RE: nuclear power

Sweitzer, Dennis (
Thu, 09 May 96 08:35:00 EST

>> The ASA journal did an issue debating nuclear power back in June,
1980. Most
>> of the authors were very optimistic. I think this is an excellent example
>> failure of trained Christian nuclear engineers to be prophets. I think
it would
>> be interesting to go back and re-read that issue now.

Joel responded,
>As a former nuclear engineer ... I do not and never did view them as
failsafe, but I view them as reasonably and acceptably safe and preferable
to the alternatives (with the possible exception of changing our consumption
oriented society).

>To put it at the experiential level I do not get nervous driving by or
living by a nuclear plant and would prefer it compared to a coal generating
plant. Comparisons of Chernobyl and American reactors should be done with
the greatest of care (and technical knowledge) to be done responsibly.

Maybe it is time to redebate the issue, since this is 1996 and Three Mile
Island & Chernobyl have occured in the meantime. Not to mention safety is
only part of the issue. Economics are changing quite a bit as well.

Let me fire an opening salvo (in all brotherly love & humility of course).

Last I know, nuclear power costs $0.08/kwhr to generate, while coal is as
low as $0.03/kwhr. These are established and mature technologies which have
traditionally competed for the base load power generation. Being mature
technologies, I doubt that they will get much cheaper (coal being limited by
thermal efficiencies limits, nuclear being limited by the expensive
engineering & materials required to contain the nuclear radiation).

The immature energy technologies are about to drastically change our energy

For instance, wind generated electricity from the Midwest is now down to 4?
to 5? cents per kwhr--less than nuclear, and approaching coal. The limiting
factors on wind is the strength & cost of materials in the turbine, and the
availability of appropriately windy sites. Since there's a revolution going
on in composite materials & such, and the Midwest has enough wind to meet
the entire US electrical demand, the price of wind generated electricity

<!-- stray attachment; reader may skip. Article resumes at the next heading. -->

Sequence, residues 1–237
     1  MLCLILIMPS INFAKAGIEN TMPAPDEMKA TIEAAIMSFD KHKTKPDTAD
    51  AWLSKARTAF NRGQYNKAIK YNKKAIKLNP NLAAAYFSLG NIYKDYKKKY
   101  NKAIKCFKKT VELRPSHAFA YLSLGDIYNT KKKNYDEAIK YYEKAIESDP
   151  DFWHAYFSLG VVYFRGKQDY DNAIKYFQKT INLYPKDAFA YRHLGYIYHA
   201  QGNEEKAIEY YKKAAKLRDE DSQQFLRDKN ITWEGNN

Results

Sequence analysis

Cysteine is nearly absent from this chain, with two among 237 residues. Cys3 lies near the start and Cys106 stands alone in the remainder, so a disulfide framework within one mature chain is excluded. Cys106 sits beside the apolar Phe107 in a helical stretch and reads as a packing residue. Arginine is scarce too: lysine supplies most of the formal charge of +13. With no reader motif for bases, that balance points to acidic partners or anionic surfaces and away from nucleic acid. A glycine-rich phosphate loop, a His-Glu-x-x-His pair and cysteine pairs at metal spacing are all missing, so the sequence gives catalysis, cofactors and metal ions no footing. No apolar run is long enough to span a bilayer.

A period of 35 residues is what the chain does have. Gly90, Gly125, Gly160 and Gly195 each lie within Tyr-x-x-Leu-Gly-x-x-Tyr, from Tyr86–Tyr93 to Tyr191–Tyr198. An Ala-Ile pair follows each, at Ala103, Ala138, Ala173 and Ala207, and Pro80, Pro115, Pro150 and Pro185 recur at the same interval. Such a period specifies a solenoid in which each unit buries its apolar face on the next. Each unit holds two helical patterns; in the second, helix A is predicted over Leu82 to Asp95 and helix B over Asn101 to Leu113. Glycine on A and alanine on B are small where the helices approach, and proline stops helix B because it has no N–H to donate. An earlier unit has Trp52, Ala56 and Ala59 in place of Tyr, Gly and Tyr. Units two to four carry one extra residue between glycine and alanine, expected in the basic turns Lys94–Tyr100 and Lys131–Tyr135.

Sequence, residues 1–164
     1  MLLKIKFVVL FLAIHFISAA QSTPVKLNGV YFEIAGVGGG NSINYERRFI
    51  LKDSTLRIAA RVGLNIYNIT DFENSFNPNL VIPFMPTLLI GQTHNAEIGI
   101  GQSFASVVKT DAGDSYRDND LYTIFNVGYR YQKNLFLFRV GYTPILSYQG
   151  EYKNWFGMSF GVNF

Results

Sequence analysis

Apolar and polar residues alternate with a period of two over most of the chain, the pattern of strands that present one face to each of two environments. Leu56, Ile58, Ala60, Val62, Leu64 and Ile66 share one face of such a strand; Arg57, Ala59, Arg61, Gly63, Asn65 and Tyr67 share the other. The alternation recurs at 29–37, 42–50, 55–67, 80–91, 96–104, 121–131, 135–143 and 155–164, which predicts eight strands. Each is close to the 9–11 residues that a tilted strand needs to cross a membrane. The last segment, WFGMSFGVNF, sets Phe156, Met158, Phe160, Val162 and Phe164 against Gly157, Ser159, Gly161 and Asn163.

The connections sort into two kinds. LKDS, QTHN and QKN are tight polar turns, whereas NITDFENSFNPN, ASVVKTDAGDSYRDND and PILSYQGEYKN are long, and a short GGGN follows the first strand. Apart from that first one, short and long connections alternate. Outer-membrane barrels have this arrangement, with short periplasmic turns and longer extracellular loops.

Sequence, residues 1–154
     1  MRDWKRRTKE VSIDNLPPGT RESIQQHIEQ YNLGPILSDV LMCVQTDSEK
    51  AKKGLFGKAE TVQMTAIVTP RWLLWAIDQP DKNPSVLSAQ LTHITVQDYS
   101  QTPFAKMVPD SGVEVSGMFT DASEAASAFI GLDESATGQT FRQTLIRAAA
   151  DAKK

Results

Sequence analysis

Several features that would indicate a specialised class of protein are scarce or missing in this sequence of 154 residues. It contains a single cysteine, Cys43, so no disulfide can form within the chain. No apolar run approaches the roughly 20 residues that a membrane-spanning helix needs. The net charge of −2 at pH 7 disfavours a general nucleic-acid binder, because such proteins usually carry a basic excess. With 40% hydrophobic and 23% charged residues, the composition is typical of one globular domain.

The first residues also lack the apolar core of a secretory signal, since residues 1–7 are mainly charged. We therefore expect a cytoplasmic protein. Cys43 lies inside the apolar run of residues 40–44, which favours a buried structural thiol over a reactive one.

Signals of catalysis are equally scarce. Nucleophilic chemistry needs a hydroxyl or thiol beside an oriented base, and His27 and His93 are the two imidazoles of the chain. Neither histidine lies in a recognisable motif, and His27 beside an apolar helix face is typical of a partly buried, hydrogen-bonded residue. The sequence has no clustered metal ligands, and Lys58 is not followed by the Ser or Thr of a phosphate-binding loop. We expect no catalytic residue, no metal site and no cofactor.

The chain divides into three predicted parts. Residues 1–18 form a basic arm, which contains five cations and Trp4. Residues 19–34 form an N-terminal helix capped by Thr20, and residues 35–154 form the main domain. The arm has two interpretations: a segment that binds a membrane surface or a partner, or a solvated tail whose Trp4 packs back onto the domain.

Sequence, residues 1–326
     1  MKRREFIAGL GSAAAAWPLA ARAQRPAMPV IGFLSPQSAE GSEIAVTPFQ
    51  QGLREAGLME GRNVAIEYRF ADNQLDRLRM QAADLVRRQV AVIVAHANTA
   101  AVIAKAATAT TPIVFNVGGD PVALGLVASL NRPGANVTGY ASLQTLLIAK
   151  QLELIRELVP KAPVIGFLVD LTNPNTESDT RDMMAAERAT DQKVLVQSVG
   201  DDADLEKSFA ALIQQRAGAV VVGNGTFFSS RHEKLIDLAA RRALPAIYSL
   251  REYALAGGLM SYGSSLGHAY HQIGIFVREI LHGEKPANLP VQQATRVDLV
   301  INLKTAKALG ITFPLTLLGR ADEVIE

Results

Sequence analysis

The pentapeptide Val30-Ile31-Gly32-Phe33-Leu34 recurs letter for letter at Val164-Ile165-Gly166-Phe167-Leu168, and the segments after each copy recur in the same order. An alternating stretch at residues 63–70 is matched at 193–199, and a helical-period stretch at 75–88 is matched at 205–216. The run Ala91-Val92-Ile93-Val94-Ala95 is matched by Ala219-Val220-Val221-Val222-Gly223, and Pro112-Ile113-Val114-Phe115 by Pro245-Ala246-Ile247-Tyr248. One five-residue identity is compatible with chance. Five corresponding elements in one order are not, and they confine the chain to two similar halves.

will continue to drop for a long time (making the necessary long
transmission lines cost effective).

The cost of solar electric power is dropping by 10% to 15% per year. Last
year manufacturers of solar cells doubled their manufacturing capacity.
Currently photovoltaic power is cost effective in many remote
applications--for instance, if you're building a house more than 1/2 mile
from the utility line and have to pay for the line yourself!.

The fossil fuel companies are responding as well: Arco, the only major oil
company to anticipate the oil embargos in the 70 s is investing heavily in
solar power. Royal Dutch Shell acknowledges that 50% of our energy will be
supplied by renewable energy sources by 2040. Enron is building a big pilot
photovoltaic electrical plant and will sell the power for
$0.085/kwhr--they'll lose money, but gain a lot of experience.

Energy efficiency is also an immature technology. Under the EPA's Green
Lights program, numerous companies have rebuilt their lighting systems with
payback periods of around 2 years. Considering that large scale facilities
look at technologies with 30 year paybacks as being worth it, a payback
period of only 2 years tells me that we've only begun to scratch the

it to coal is like a little like arguing the merits of 2 versus 3 horns on
Ceratopsian type dinosaurs in the late Cretaceous period. It doesn't
anticipate what's about to happen.

Grace & peace,

Dennis Sweitzer